03.04.08

State, Foreign Operations Subcommittee, Hearing On Fiscal Year 2009 USAID Budget Request

Good afternoon.  This is the first hearing of this subcommittee this year.  Senator Gregg and I share a strong interest in ensuring that our foreign aid dollars are used wisely.  There have been many examples of when they have been, and many examples of when they have not been. 

Iraq comes to mind as one example of how not to do it.  If USAID had been listened to earlier I think there would have been a lot less money wasted.  The Appropriations Committee will hold a hearing on the Iraq reconstruction fiasco a week from today.

We also have concerns with the effectiveness of our programs in Afghanistan and Pakistan, and countries that do not get much attention where we should be doing more.

Today we welcome Henrietta Fore who is the Director of United States Foreign Assistance and Administrator of the United States Agency for International Development.  That is a mouthful of a title.  Ms. Fore, we appreciate you being here. 

Some say there is not enough time in an election year to accomplish anything significant.  I disagree.  We have a lot to do and we should make the most of the time we have.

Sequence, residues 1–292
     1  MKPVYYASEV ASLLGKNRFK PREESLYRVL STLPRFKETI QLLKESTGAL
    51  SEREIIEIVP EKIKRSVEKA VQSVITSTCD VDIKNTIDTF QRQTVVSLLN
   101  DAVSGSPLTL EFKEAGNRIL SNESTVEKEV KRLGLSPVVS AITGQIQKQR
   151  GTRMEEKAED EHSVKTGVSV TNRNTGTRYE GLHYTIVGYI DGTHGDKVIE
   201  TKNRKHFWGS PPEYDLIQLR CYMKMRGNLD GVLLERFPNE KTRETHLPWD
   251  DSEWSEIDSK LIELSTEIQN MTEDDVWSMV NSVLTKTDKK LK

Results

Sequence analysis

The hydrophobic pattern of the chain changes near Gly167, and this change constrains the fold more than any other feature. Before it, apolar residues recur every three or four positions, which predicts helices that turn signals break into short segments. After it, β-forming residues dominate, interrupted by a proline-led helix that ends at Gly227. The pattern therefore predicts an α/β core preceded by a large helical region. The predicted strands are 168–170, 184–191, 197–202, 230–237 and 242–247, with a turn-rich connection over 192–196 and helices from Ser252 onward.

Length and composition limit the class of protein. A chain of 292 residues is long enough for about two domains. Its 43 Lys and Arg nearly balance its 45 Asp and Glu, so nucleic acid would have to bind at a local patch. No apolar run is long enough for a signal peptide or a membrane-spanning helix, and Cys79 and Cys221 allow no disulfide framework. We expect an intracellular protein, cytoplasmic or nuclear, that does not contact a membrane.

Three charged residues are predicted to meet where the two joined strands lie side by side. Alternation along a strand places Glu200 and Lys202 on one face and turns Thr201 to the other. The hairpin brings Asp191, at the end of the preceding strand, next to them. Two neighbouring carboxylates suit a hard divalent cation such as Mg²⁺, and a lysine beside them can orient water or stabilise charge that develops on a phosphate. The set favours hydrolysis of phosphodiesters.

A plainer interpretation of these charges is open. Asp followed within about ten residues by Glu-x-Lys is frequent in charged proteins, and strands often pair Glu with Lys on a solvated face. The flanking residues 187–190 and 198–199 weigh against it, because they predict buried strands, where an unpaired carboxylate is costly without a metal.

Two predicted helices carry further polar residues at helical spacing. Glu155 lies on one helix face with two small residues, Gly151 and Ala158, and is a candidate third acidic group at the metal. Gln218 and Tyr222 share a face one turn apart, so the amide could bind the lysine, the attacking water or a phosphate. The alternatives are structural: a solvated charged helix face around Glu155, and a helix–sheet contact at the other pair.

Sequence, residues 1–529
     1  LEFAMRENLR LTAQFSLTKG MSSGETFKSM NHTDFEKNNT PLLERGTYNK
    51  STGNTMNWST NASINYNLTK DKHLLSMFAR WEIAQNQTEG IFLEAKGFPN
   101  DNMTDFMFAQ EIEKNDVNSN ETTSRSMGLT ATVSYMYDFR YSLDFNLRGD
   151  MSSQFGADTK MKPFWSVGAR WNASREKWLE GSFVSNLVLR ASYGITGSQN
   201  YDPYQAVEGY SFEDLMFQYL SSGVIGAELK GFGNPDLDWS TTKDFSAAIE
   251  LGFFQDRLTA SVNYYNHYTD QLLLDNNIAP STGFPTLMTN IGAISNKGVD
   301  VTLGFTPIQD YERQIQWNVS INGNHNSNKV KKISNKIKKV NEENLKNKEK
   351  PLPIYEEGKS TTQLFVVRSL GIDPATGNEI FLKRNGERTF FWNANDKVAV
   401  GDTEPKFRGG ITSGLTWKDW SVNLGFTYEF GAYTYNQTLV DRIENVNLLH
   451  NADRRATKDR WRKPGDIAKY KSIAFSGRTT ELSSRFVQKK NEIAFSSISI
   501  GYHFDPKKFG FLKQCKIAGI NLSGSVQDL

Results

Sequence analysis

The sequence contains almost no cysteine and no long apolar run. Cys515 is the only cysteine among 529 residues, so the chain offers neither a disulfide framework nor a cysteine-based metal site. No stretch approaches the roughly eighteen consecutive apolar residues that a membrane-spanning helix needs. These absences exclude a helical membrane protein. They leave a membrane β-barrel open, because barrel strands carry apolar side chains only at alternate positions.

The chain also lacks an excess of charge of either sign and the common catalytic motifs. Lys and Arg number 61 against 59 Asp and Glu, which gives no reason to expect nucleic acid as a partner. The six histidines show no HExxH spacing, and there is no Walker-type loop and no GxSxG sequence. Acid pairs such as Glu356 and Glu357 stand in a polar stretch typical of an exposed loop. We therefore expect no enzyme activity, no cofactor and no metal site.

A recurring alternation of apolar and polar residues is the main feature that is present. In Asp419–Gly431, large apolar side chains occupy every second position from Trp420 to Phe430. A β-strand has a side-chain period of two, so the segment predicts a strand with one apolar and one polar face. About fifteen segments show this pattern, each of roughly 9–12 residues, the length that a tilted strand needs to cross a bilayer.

Today we want to focus on the President’s Fiscal Year 2009 budget request for the U.S. Agency for International Development.

 

There is much in the President’s request that I support.  He proposes higher levels of funding for Development Assistance than he has before.  These funds support USAID’s core programs that also have strong, bipartisan congressional support.

 

For international health, the President proposes higher amounts for HIV/AIDS, malaria and neglected tropical diseases.  But, yet again, he cuts funding for child survival and maternal health and for family planning and reproductive health.  

 

One of the President’s proposals is to recruit and train 300 new Foreign Service Officers to begin to rebuild USAID’s professional workforce.  This is long overdue and I strongly support it.  I and others called for this years ago.  Imagine how much farther along we would be today if OMB had listened to us.

 

USAID’s professional staff is a shadow of what it once was.  We routinely hear that the reason USAID has become a check writing agency for a handful of big Washington contractors and NGOs is because you don’t have the staff to manage a larger number of smaller contracts and grants. 

 

Sometimes these big contractors do a good job, although they charge an arm and a leg to do it.  Other times they waste piles of money and accomplish next to nothing, although they are masters at writing glowing reports about what a good job they did.     

 

Meanwhile, the small not-for-profit organizations are shut out of the process.  This is bad not only for U.S. taxpayers but also for the countries that need our help.

 

When your predecessor testified here last year he had big plans for reforming foreign aid, but he did not appear to have much of a grasp of USAID’s budget and programs.

 

You come with considerable USAID experience.  The best advice I can give you is to focus on two or three key areas where you can make a real difference to help make USAID a more accessible, responsive agency that is not beholden to a select few.

 

I will stop there so Senator Gregg can make any opening comments.

 

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